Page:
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Coriell Informs Handful of Participants of Delays in Risk Results Due to Faulty Reagent


By Turna Ray

The Coriell Personalized Medicine Collaborative recently informed a small number of study participants that delays in their personalized risk results were caused by a faulty component in the processing kit that analyzes saliva samples.

Courtney Sill, director of communications at Coriell Institute, told Pharmacogenomics Reporter this week that the problem was with a reagent involved in processing samples and only six study participants will experience a delay in receiving results. Sill did not identify the type of reagent that caused the problem.

CPMC informed these participants of the problem and apologized for the delay in providing results via e-mail this week.

"We e-mailed those study participants because we are here as the transparent research study," Sill said. "We are the study that wants to figure out best practices, and work with all the experts that are necessary."

The CPMC has previously said it is working with the US Food and Drug Administration to figure out how to best present genetic risk information to the public in a responsible manner [see PGx Reporter 06-17-2009].

According to the CPMC, the faulty reagent affected operations not just at Coriell's facilities but at a number of labs around the nation. Sill noted that the reagent has been replaced and the processing of participants' samples have now resumed. The reagent problem did not affect participants' samples or the quality of personalized risk results, the CPMC emphasized.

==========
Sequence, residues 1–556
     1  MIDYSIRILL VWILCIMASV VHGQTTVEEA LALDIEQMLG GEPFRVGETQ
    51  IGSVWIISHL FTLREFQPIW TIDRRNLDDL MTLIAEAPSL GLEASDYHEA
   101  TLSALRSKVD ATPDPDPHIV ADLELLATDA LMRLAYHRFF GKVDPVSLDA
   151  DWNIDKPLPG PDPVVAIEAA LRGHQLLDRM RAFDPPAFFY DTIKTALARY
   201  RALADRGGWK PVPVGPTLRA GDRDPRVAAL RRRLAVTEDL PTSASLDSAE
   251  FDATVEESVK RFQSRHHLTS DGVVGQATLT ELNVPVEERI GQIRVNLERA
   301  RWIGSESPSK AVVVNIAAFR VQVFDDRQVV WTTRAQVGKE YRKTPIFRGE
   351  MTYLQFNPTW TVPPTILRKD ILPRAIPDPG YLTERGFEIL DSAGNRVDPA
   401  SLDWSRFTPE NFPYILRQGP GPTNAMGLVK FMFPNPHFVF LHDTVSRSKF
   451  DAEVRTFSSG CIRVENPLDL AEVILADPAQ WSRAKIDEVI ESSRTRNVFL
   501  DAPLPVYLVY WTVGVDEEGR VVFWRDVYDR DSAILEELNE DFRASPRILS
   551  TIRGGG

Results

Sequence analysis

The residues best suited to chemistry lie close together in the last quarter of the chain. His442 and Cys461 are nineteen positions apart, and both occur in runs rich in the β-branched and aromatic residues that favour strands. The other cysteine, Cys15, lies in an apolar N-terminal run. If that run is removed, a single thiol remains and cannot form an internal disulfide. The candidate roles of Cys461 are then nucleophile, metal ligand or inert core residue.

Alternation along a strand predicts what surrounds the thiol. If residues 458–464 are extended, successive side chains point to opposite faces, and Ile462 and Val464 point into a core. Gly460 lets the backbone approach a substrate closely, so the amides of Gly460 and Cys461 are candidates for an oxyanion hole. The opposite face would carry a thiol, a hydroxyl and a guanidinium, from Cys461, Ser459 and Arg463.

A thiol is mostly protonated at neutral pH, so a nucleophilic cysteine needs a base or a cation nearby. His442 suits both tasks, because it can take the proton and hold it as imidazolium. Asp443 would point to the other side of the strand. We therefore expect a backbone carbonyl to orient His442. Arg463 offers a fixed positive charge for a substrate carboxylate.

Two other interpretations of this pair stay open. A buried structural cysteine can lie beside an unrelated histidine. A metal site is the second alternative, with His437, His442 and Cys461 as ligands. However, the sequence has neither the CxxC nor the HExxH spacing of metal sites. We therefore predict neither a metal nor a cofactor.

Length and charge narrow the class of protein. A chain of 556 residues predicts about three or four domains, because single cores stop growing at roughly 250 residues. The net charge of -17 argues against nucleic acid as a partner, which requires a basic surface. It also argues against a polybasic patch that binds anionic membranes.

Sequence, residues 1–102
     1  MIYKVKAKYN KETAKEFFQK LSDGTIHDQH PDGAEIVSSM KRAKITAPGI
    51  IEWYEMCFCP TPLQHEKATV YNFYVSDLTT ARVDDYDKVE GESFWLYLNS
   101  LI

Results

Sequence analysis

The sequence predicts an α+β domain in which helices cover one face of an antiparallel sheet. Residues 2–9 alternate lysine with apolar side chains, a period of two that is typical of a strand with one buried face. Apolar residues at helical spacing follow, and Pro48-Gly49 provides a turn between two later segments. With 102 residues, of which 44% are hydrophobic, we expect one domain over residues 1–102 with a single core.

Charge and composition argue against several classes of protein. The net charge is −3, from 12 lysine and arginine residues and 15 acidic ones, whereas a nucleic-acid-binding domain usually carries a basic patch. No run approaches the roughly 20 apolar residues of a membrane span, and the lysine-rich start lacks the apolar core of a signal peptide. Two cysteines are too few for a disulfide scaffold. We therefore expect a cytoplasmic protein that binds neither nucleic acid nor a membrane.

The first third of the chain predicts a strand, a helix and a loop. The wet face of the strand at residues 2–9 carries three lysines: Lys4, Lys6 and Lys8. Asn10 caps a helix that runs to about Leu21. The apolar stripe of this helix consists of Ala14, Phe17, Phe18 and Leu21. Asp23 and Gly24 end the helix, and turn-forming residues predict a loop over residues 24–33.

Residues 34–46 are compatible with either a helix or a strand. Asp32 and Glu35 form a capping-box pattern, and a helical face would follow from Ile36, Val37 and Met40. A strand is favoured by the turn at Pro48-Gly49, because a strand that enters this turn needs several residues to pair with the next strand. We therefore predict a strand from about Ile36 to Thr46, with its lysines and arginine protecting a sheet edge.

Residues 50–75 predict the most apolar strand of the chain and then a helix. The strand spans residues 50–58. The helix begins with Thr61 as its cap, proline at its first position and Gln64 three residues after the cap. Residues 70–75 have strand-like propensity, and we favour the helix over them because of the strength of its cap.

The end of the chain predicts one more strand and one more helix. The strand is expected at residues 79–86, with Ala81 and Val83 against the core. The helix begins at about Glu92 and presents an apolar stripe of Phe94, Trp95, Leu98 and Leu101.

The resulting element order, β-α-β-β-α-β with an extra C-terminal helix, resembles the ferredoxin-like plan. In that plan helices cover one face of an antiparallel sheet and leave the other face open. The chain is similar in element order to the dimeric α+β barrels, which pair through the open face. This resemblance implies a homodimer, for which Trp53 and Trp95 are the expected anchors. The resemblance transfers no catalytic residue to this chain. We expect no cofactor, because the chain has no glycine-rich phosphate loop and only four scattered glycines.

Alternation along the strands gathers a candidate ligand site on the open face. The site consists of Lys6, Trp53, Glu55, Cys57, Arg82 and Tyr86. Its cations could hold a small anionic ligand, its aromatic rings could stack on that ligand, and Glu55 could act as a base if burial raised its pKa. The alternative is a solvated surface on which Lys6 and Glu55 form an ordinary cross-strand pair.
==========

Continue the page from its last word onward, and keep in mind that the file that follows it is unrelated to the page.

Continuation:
Study participants will be informed via e-mail when their results are ready for viewing. According to Sill, CPMC expects to release the results within the next month.

In February the CPMC launched a web portal through which participants can answer questions about their family medical history and personal lifestyle. Factoring this information along with individuals' genotypes, CPMC will provide study participants with their risk for various actionable medical conditions, approved by its Informed Cohort Oversight Board.

Enrollees were scheduled to receive their personalized risk information through the web portal by the second quarter of 2009, the CPMC states on its web site.

CPMC was launched in December 2007 with the aim of studying the impact of genome-informed treatment on medical care. The project has so far enrolled 4,000 participants, and is hoping to meet its goal of enrolling 10,000 participants by 2010.

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